Banner showing three books


The Russian writer Anton Chekhov once advised writers to tear their stories in half and begin in the middle. There is merit in such an approach – a game should begin as close to the end as possible without losing player volition.

Take a look at Ticket to Ride. The game starts with each player getting 4 cards (resources) and a choice from 3 tickets (goals). During the game you can draw new cards or new tickets. The game could easily have started with the players having nothing – except that they’d probably have begun the game by A) drawing cards and then B) drawing tickets.

If Ticket to Ride begun from scratch players would have more choice and influence over their strategy. But they’d also have no hooks, nothing to give their action any meaning. If you don’t have any goals (tickets) and you don’t have any sets started (cards) then a white is equal to a red is equal to a black – it doesn’t matter what you draw. By giving players a starting set of resources and goals they are nudged in a certain direction and can start acting meaningfully from the start. The random setup enables player volition right from the start. (more…)

Ticket to Ride is excellent at generating tensionImagine this: you’re in the middle of a game of Ticket to Ride. You’ve got four red cars in your hand; you need six in order to build that link from Miami to New Orleans and complete your ticket. Your opponent takes an orange and a white from the card row and reveals – a red and a red! Exactly what you need! Except it’s not your turn yet…

Ticket to Ride is great at creating tension. You see what you want but you’re blocked from doing it.

There’s a name for this type of tension creation: a Decision-Resolution cycle. Actually it’s a discovery-decision-resolution cycle but Decision-Resolution sounds better. Here’s how it works: (more…)

ClockThere’s one thing that’s always in short supply amongst players, whether they realize it or not: time. Not timed actions time, not AP time but the good, ol’ fashioned, 24-hours-in-a-day time.

Time is the one resources one can never get more of. You can hire an army of maids to clean your house, a horde of accountants to run your business and any number of personal assistants to take care of your needs but you’ll still, never, ever, be able to get more than 25 hours in a day. Sorry, Freudian slip.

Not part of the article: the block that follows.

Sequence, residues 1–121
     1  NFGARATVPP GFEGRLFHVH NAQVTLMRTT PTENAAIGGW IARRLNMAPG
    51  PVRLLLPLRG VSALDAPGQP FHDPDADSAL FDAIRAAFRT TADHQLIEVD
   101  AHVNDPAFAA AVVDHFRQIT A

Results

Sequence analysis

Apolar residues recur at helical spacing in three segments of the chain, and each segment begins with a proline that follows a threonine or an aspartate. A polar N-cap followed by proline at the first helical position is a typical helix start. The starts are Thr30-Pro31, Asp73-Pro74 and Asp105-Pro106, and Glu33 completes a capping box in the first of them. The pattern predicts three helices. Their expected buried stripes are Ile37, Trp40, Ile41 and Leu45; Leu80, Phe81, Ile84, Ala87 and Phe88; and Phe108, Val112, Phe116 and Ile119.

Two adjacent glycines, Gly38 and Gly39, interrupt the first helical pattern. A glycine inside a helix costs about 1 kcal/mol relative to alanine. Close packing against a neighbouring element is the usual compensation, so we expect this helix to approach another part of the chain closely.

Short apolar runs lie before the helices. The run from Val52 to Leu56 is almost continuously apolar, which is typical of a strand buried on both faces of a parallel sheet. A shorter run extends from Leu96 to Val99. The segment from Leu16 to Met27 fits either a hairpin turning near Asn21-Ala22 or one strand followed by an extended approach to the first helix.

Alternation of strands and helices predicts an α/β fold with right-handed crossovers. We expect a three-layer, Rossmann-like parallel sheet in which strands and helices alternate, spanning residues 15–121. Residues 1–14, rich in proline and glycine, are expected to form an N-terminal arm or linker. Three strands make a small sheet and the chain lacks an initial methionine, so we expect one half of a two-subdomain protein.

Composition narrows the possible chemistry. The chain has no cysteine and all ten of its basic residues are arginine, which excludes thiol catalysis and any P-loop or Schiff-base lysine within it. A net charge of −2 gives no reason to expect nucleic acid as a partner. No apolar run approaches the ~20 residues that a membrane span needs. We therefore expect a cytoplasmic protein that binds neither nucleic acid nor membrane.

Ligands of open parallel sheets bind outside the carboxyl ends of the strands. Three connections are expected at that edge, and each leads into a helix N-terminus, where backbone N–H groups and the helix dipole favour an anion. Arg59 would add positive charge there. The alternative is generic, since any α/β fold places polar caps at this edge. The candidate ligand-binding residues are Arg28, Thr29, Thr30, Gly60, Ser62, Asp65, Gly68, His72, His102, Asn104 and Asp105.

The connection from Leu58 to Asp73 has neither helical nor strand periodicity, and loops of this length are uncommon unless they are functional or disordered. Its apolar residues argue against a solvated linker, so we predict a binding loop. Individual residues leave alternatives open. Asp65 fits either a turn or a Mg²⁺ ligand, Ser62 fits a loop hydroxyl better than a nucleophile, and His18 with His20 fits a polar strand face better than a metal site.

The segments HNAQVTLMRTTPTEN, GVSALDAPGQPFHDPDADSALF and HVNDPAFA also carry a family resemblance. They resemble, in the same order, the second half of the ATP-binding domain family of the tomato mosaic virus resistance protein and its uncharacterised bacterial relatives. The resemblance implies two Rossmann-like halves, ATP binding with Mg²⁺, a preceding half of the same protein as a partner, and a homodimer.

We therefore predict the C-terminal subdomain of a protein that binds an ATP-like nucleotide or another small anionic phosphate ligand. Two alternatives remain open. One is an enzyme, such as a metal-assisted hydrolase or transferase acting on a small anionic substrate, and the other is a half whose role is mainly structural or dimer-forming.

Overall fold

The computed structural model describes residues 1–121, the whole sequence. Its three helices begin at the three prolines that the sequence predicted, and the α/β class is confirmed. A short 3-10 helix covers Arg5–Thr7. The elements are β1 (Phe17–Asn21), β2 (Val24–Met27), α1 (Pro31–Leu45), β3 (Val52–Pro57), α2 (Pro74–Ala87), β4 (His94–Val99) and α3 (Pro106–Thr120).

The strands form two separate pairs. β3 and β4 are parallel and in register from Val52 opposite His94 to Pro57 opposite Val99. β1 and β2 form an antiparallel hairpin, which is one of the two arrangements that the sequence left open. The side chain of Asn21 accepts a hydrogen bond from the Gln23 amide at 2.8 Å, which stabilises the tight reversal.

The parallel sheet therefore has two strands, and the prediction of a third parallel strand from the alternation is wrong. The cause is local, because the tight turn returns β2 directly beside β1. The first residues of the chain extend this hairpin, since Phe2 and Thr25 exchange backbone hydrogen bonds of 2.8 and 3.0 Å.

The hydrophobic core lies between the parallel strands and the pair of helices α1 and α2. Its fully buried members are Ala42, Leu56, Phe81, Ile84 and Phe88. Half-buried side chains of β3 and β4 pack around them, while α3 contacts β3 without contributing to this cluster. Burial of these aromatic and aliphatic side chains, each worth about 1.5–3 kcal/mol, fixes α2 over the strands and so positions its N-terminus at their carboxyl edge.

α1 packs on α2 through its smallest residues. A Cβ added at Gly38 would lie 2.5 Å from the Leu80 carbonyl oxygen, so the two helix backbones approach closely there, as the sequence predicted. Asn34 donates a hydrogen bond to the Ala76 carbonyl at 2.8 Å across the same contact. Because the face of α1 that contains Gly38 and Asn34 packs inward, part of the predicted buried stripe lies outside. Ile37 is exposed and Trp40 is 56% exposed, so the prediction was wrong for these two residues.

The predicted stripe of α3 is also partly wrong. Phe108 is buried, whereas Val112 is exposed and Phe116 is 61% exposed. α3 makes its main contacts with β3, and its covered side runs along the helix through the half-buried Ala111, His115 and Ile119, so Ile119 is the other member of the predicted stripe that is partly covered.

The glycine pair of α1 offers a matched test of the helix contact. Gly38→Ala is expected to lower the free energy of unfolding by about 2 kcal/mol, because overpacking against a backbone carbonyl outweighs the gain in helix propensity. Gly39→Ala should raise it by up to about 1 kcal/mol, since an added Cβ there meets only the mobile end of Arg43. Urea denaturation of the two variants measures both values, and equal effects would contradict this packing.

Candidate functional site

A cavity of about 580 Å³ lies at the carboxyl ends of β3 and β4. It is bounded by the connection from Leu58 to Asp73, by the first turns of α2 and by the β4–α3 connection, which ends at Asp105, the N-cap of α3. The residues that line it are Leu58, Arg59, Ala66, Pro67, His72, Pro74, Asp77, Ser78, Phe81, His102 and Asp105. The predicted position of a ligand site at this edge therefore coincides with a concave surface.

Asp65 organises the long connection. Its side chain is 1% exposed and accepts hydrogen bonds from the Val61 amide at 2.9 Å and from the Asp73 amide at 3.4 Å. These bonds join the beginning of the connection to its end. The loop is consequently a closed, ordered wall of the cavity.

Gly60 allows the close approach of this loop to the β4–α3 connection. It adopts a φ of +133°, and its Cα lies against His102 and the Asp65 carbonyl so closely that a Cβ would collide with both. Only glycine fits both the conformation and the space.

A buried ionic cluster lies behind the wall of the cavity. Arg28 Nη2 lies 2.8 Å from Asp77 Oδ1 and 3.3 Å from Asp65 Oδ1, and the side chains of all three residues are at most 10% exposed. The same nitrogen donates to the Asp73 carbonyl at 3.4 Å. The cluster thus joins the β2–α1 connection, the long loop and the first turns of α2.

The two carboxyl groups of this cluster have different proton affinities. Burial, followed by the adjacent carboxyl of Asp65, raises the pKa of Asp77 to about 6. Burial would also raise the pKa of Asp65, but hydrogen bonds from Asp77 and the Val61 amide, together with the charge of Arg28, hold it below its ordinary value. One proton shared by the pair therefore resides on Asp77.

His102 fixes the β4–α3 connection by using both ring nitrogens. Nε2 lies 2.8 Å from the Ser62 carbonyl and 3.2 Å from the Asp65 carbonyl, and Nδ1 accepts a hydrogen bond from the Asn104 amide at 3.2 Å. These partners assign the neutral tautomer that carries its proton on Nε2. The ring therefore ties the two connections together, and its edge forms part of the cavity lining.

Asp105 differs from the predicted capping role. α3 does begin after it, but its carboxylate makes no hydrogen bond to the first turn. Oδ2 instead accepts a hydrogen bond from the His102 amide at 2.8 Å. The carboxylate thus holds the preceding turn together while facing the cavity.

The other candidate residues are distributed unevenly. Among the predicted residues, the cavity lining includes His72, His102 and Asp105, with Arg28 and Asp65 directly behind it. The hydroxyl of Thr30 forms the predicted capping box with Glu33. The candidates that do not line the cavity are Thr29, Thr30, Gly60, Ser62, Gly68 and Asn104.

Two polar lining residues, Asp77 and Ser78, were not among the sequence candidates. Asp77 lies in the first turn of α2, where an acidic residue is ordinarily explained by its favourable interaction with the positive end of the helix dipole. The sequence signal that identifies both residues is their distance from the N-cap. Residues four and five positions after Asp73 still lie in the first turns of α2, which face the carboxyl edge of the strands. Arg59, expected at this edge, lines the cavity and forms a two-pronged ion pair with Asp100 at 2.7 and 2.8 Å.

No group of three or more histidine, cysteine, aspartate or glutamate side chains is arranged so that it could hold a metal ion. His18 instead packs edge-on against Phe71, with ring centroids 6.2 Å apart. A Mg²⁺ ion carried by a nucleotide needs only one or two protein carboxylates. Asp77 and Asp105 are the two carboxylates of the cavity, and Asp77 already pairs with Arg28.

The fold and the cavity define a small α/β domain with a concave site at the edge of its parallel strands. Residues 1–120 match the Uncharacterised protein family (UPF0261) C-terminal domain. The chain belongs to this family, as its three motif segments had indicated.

Time to play is rare for most people and there’s lots of things clamoring for it: media, friends, that unfinished project in the corner. So when players take the time to play your game they expect that time to be well spent. They expect to get a certain amount of enjoyment out of their invested time, whether social, intellectual or physical, and if we fail to deliver they’re likely to refuse to play the game again.

Thus we need to take care not to waste our players’ time. We need to make sure it’s well spent, that every moment in the game is engaging. (more…)

Saint Petersburg box coverComputers are great at tracking thing. Hundreds of units, percentages of damage, thousands of die rolls – all those are things the computer will love.

All those are things that board gamers complain about as book keeping. Stuff that we don’t like, that slows down game play, makes games tedious and makes us wish for a clean cut computer to handle it all. But do we really want it to?

Here’s the thing. A computer could calculate everything for you. It could give you the damage and success percentages for ever combat before it occurs, it could help you in your decision making in ways an average board gamer can’t even imagine (take a look at AI decision support system research if you want to get your head blown off).

I’ve always been solidly in the “lets get all the book keeping out of the way so we can play”-camp of board gamers. But thinking about it now, with computers so close to board games, makes me doubt if removing all the book keeping is a good idea. (more…)